...this is the kind of stuff I'd post on it.

Monday, September 21, 2009

Cyclocross 2009: Rad Racing GP

Last Sunday was the second event in the new MFG cyclocross series, the Rad Racing GP.  The race was held at Fort Steilacoom Park in Lakewood (SE of Tacoma, for those like me who didn't know where it was).  The park itself is a regular fixture on the Seattle Cyclocross series, and many of the racers I chatted with before the race had ridden it before.  To use a little bit of "foreshadowing", I give you this description of part of the course, from the Rad Racing GP site:

"Rounding out the course-features is the Legendary "Kona Knapp-Time Run Up", 80 meters of the most thigh burning, lung searing, longest and steepest run up in the country. This feature is what Steilacoom is known for and in 2009 it won't disappoint. Love it or hate it, you have to race it at least once."

I've got some pictures like this of said run-up later in the post, but seriously, they don't do it justice.

Due to some unfortunate auto trouble on the way down to the park, I didn't have time before my race to check out the course or do any practice laps.  I'm lucky I was even able to limp my stupid car into the parking lot at all, so I was thankful to even be at the race in time to get my number pinned on.  After milling around in the staging area, chatting with some of the other racers, the race official showed up to stage us for the race.  The first couple rows were supposed to be the top 16 riders in the MFG standings, followed by the rest of us.  Since I was sitting in 18th, I was surprised to get the call-up to start in the front row.  Apparently, many of the people in front of me in the MFG standings weren't at this race.  And who should I find myself sitting right next to, but the now familiar Mountain Bike Mike.  I have a feeling it's going to be like this all season...

I was excited to be starting in the front, since during the last race, I'd spent the majority of my time passing riders that had started in front of me.  As soon as the starting gun went off (yeah, they actually used a gun!), I sprinted out to get in front of the pack.  For a brief moment, and I do mean brief, I was sitting in first place in an actual cyclocross race!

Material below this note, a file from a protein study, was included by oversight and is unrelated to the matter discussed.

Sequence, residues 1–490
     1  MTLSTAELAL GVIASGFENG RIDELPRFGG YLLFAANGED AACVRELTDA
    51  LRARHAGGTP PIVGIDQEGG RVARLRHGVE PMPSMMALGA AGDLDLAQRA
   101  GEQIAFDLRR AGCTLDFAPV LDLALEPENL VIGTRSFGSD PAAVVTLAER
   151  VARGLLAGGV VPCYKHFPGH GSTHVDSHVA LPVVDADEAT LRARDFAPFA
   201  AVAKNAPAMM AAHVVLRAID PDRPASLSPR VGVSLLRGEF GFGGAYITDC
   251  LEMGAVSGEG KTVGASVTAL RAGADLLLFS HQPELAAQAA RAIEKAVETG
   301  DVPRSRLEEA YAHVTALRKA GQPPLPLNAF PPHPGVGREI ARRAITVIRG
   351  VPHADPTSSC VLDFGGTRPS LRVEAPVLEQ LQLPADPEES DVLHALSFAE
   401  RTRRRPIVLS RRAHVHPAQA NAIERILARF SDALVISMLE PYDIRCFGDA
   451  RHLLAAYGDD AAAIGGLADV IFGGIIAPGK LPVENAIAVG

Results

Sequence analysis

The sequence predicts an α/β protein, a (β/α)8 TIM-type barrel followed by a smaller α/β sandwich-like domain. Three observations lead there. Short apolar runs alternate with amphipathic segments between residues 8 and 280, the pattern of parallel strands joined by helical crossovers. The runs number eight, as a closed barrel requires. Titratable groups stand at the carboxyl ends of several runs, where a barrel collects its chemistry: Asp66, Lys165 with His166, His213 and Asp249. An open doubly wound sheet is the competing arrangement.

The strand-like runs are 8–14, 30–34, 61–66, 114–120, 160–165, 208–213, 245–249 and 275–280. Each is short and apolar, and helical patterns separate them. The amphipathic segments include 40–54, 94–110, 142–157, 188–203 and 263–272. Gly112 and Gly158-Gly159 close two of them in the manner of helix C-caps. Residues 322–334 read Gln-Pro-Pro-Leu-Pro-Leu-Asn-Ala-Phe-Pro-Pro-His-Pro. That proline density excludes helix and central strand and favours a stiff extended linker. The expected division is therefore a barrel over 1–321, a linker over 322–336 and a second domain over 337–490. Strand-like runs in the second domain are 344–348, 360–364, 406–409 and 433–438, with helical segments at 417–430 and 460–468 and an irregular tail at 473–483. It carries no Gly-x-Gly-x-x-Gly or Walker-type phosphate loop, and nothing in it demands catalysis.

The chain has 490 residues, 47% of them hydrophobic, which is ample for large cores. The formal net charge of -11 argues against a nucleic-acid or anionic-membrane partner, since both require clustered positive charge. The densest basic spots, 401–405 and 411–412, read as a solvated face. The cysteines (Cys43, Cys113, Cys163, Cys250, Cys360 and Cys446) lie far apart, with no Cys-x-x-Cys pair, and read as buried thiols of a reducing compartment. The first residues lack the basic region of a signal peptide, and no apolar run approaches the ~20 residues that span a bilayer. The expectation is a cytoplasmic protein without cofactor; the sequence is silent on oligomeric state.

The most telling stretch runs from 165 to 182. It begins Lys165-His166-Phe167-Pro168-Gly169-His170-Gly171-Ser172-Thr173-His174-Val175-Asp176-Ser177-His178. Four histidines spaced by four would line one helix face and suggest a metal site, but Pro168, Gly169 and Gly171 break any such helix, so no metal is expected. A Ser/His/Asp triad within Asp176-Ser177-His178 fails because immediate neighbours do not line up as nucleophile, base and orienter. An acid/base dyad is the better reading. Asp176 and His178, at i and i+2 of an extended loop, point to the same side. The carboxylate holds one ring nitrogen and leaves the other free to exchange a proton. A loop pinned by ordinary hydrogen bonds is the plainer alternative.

From there, it was all downhill, and I'm not talking about topography.  After staying in first place through the long straightaway, and the first corner, I began to get passed.  And passed again, and passed again.  This continued throughout the race, to my dismay.  I tried to think about what I could be:
  • Was it residual effects from all the beers I'd had over the weekend?
  • Were my brakes rubbing?
  • Was I getting a flat?
  • Was the competition full of total sandbaggers?
At any rate, the majority of the course was incredibly fun, consisting of some flat grass sections, some non-technical singletrack, a fast downhill section, a trip near the edge of a lake, and a long asphalt straightaway to the finish:

The rest of the course consisted of the aforementioned gigantic run-up.

This. thing. was. MASSIVE.  Since I'd never gotten my practice laps, I'd never even seen the thing.  It was freaking ridiculous.  I'm pretty sure that most people weren't even able to actually run the entire run-up after the first 2 laps.  It turned into more of a "stumble-up".  Luckily there was a little downhill singletrack immediately after where you could kind-of catch your breath.

Here's the run-up:

From the bottom.

 From the top.

It was a fast course overall, and for some reason, this race was only 30 minutes instead of 40.  That worked out to 4 laps, which meant 4 trips up the soul-crushing hill.  Even though it went quickly, I still had time to ask myself the perpetual CX question: "Why do I like doing this again?"

I did get a shout-out from one of the race announcers as I crossed the start/finish on my 3rd lap.  He said something to the effect of "look at this guy, on the sweet Waterford".  I'm glad he could appreciate some nice USA-made lugged steel.  I'd converted the Waterford to a 1x8 setup, and taken some slack out of the chain, and it performed perfectly the entire race.

When it was all said and done, I ended up in 21st, out of something like 40 finishers, with maybe 10 more DNFs.  Not bad.  I just couldn't figure out why I spent the race getting passed, instead of passing, like before.  I think at the end of the day though, I should proably just take a tip from Phil's South Side Cyclery:

"Ride more & worry less!"  True story.


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